The article set forth below in connection with the History Channel’s program tonight on pizza appeared today on the NY Times website, at http://www.nytimes.com/2006/06/29/arts/television/29eats.html
. The title of the article is ‘American Eats’ Offers the True American (Pizza) Pie. The writer is Virginia Heffernan.
American pie is no longer apple, if it ever was. Or so goes the argument of the History Channel tonight, when stateside pizza is the focus of the channel's buoyant, intelligent and cuisine-ecumenical series "American Eats."
The migration of pizza westward — from southern Italy to New York, Chicago, Los Angeles — is the story of mutation, innovation, perversion. And in spite of the documentary's wonderfully nonjudgmental narration, viewers will find it hard not to take sides.
Midwestern deep-dish types tend to see coastal pies as too wan or too fancy. Californians like their Spago-era artworks all fusioned and deluxe; I imagine they silently believe that other kinds of pizza are only for fat people. New Yorkers, who are fundamentally right on this subject, know they have the real thing.
Or almost. One thing this documentary does well is show how importation is always transformation: even when Gennaro Lombardi, the founding father of American pizza, opened his shop on Spring Street in SoHo a century ago, he was tampering with tradition. He had to use local tomatoes, explains the voice-over, "instead of San Marzano tomatoes grown in the volcanic soil of Mount Vesuvius." And atop the local tomato sauce he melted ordinary cow cheese, instead of the distinctive Italian mozzarella made from water-buffalo milk.
But Lombardi's real contribution, let's face it, was droopiness. Neapolitan pizza tends to be crisp; its slices stay horizontal when you eat them. New York pizza droops. This dubious, if cherished, effect comes from the coal ovens.
The pizza chef at Lombardi's today, John Brescio, is a childhood friend of the grandson of the original Lombardi. With his Bada Bing swagger and major dialect, Mr. Brescio is far and away the star of this "American Eats" episode, which doubles as an ad for his venerable pizzeria. His deadly serious explanation of the coal oven makes a dandy aria.
"I want to show youse the fire," he says to the audience, beckoning viewers inside.
"Right now, where the coals are burning, it's 2,200 degrees. That heat transfers over to the floor of the oven, where the pies are cooking, and it goes down to about 850 to 900 degrees. And it takes three and a half minutes. With a coal oven you get a smoky, crusty flavor on the outside, and a light, airy — if your dough is made right — a light, airy, with nook and crannies all inside. So it's like biting into heaven."
The documentary also supplies a brief but zingy pre-American history of pizza, from its obscure origins in Rome or Phoenicia, no one knows for sure. This much is offered as fact: beginning in 1522, when the Spanish conquistadors found tomatoes in the Andes and brought them back to Europe, Italian peasants cooked with them, shrugging the anxieties of their social betters who worried that the red fruit, which is related to nightshade, might be poisonous. But when the indigent tomatophiles didn't die, others took their chances and by 1700 tomatoes were being profitably grafted onto focaccia in Naples.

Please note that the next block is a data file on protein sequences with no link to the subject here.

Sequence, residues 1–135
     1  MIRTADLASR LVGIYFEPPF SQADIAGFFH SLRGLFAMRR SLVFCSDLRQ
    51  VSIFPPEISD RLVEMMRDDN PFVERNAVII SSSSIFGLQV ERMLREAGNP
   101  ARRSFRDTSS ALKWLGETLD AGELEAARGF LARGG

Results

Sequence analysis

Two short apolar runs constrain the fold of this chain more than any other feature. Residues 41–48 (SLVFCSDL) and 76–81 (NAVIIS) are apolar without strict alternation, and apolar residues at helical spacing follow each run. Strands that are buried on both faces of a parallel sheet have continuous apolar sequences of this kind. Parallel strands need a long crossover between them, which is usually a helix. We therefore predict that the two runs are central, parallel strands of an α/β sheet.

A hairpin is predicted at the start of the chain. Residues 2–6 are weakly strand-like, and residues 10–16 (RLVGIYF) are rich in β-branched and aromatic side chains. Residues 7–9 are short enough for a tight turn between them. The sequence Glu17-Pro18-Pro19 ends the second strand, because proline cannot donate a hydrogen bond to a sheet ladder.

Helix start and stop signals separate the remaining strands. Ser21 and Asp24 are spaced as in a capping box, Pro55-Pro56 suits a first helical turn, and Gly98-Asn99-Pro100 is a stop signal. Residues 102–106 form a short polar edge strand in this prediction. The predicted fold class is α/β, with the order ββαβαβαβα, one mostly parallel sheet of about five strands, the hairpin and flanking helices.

In the History Channel's telling of pizza's rise to fame, near the close of the 19th century, Italy's queen, Margherita, asked on a whim to taste the vulgar dish that delighted the lower orders. A pizzaioli named Raffaele Esposito prepared three pies: pork fat, cheese and basil; tomato, garlic and olive oil; and one made to look like the Italian flag, with mozzarella, tomatoes, and basil leaves. Guess which one she loved.
(On some anniversary or another Spago or California Pizza Kitchen, the restaurants where Ed LaDou invented and then popularized eclectic pizza, should offer all three in a tasting menu, especially the pork fat one, which sounds delicious.)
After covering Italy and New York but before California, the program makes a detour through New Haven, where Frank Pepe, who was allergic to cheese and tomato, first put white clams on a pizza. In the 20th century it seems that every chef and franchiser wanted to try his hand at pizza, and the documentary entertainingly and respectfully chronicles the contributions of Pizzeria Uno, Domino's and even DiGiorno's frozen pizza.
But in all this hat tipping the History Channel is especially indulgent with Chicago, which got into the pizza trade during and after World War II, when soldiers came home hungering for Italian fare. Ike Sewell and Rick Ricardo, two non-Italians, decided that Italian and New York pizza wasn't brawny enough for real American guys; they bulked up the crust, thickened the cheese and added meat enough for a meal. This is deep-dish pizza, and it takes about 40 minutes to bake.
Mr. Brescio is again unsmiling.
"Chicago, for me, is too thick," he says, offering with that "for me" a courteous nod to culinary relativism. "You eat one slice, you're full already. And most of it is dough."
The History Channel, tonight at 10, Eastern and Pacific times; 9, Central time.